When I came across this Famiclone for $5 in a flea market, it was as if a dream had come true. And as hard as I may be searching to make a nightmare joke here, I simply can’t bridge that gap. Sure the Dreamstation is a Famiclone, with all the cheap, half-assed Chinese goodness you would expect, but the system has only a few minor flaws.
My only real complaint is that the cables for the controllers are way too short, other than that this system is pretty great, considering it is a Chinese Famiclone. Another thing, although it isn’t really an issue other than cosmetic, is the melting styrofoam which seems to be an issue with most Chinese Famiclones that I’ve seen. Both the styrofoam from the box and the plastic in the system seem to be fusing together for some unknown reason.
Even with the cables being considerably too short, the controllers are surprisingly and extremely comfortable. They also arranged the A and B buttons more like the NES controller than most other Famiclone controller I’ve used, and included A and B shoulder buttons. The light gun included with the set feels very comfortable in my hands and is also surprisingly very accurate, but looks too real to be swung around wildly in public.
To compare the Dreamstation to my 57000 Video Game System, functionality wise I have to hand it to the Dreamstation hands down. The cartridge slot has a nice, broken in feeling where the carts pop in and come out without issue, as where the 57000 seems as if it just doesn’t want to let go of the game. Both pirated games and my Famicom games fit perfectly, with the real Famicom games fitting like a glove, I assume due to their significantly more rigid cartridge plastic.
It seems as if they used a Sega Genesis 2 for the base of the Dreamstation and just rounded it off to fit their needs. The Dreamstation comes with the standard 9 pin controller inputs for 2 players, uses the standard 9v DC power supply and much like the 57000 Video Game system, has AV and RF outs on the back. But unlike the 57000 the Dreamstation’s RF out works, and for some reason broadcasts to channel 23.
The reason I even found the system was because of the pirate cartridge sitting on top of the box, which looked like a black N64 cart, I had bent over to pick it up and read the box it was sitting on. I checked inside and found another cartridge so I figured if nothing more than for the 2 pirate games the price was well worth it, the fact that everything works is just a plus. The black cartridge boasts 9,999,999 games and the yellow cartridge claims 20 in 1, which we can already tell are both lies! Here is a list of games within both cartridges:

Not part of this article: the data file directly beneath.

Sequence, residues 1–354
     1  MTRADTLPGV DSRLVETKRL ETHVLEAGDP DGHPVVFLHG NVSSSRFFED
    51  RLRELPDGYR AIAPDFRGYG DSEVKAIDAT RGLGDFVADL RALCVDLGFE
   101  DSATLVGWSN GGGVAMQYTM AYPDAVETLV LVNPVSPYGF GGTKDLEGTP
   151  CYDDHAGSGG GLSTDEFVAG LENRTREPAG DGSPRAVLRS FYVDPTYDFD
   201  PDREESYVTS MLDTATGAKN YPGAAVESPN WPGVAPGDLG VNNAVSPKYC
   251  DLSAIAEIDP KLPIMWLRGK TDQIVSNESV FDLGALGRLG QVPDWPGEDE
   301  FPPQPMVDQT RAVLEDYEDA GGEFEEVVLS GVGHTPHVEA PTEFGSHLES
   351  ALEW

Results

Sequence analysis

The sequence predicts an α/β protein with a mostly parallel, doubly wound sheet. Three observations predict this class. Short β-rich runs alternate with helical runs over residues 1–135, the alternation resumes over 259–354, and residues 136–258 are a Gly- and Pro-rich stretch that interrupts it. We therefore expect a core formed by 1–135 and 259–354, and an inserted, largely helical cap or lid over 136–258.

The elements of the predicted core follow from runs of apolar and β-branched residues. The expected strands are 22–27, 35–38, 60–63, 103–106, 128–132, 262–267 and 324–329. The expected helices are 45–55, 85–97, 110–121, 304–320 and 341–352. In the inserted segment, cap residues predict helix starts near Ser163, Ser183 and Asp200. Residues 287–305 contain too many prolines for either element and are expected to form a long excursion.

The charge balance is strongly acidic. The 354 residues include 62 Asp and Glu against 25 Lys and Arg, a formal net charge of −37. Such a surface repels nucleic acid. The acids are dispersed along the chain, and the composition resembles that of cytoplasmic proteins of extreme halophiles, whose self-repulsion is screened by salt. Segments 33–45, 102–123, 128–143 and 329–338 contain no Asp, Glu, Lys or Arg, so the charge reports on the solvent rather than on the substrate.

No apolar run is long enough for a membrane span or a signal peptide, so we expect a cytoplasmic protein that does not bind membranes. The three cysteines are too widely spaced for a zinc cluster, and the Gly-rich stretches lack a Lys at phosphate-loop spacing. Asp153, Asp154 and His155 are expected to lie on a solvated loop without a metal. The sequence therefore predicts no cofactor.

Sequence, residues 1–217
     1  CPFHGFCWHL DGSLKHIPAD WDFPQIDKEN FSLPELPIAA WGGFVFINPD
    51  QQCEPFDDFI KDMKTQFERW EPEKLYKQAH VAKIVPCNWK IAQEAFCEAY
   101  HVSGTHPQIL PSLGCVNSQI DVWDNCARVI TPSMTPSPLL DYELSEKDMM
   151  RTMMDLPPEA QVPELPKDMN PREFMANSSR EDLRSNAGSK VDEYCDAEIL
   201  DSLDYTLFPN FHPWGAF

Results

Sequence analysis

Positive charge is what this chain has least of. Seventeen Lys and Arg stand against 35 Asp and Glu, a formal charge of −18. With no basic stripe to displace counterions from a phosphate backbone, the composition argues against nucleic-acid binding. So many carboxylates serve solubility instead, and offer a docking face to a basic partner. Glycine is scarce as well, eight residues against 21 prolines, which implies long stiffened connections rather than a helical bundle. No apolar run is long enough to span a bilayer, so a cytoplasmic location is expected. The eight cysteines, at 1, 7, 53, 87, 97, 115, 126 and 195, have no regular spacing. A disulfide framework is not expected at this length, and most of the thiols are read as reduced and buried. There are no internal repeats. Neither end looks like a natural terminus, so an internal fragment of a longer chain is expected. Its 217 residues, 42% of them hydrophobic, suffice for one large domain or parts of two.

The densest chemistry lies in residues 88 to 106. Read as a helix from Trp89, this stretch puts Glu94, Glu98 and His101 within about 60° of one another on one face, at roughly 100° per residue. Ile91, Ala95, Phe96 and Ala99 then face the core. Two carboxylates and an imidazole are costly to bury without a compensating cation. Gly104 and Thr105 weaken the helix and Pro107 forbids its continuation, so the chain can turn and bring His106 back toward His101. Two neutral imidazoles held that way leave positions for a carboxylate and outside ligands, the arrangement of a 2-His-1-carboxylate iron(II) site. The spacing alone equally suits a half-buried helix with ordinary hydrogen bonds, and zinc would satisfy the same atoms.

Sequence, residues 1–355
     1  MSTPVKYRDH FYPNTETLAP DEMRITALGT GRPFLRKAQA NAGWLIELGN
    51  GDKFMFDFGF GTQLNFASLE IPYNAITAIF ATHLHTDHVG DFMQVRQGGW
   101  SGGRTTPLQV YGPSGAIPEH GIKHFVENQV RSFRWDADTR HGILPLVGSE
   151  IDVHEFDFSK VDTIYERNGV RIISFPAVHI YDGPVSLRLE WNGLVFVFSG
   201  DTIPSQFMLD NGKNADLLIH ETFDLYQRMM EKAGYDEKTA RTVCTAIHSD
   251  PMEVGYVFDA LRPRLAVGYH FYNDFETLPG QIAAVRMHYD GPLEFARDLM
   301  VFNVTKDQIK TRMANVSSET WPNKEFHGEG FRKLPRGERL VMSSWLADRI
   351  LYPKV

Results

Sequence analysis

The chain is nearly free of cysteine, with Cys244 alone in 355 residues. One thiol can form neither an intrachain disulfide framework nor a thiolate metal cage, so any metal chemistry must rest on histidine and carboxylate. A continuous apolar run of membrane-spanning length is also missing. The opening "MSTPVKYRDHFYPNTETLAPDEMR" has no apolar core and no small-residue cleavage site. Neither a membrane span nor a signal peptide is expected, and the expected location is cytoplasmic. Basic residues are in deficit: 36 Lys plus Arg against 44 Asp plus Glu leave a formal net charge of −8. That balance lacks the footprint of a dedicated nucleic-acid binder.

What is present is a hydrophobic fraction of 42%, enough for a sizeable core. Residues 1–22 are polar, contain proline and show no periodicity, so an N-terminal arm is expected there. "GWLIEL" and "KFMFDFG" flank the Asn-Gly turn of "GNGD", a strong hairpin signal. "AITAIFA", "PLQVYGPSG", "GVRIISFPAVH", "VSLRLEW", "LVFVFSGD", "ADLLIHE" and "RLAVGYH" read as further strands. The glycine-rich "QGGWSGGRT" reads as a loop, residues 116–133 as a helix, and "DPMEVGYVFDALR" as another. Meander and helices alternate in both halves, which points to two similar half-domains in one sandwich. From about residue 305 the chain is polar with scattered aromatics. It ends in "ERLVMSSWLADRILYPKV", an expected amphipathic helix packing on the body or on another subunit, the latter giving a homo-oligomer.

1)Pokemon – Hack of Nuts & Milk.
2)Super Mario Bros. – Pretty much what is stated.
3)Soccer – Normal Soccer.
4)Duck Hunt – Normal Duck Hunt.
5)Galaxian – Normal Galaxian.
6)Road Fighter – Normal Road Fighter.
7)Long Live Mario – Starts on World 2-1
8)Fancy Mario – (aka Dream Mary) Incorrectly mirrored Super Mario Bros.
9)Clay Shooting – Normal Clay Shooting.
10)Moon Mario – Starts on World 3-1
11+) Repeats of above.
Yellow 20 in 1
1)Bomber Man(2002) – Looks great, plays like Bomber Man. No clue where this came from.
2)Twinbee – Normal Twinbee.
3)Road Fighter – Normal Road Fighter.
4)Baseball – Completely messed up, as always, pirated Nintendo Baseball.
5)Circus Charlie – Normal Circus Charlie.
6)Lode Runner – Normal Lode Runner.
7)Duck Hunt – Actually “Snowfield Shoot”, a hacked version of Duck Hunt.
8-20) Repeats of the above.
Overall the system feels plastic and cheap, but the cartridges go in and perform solidly. The controllers are extremely comfortable, surprisingly solid and the buttons are in a more familiar layout than most Famiclones. Although I paid $5 for the two pirate cartridges I saw, I ended up with a pretty solid Famiclone to add to my ever growing collection.
About the author
Samuel Floyd first fell into video gaming with the Atari 2600...in the mid-90s! Always late into the system wars, Samuel enjoys that as he acquires them when they're cheap and the hot titles of yesteryear are bountiful. Samuel loves RPGs, his favorite being Crystalis for the NES.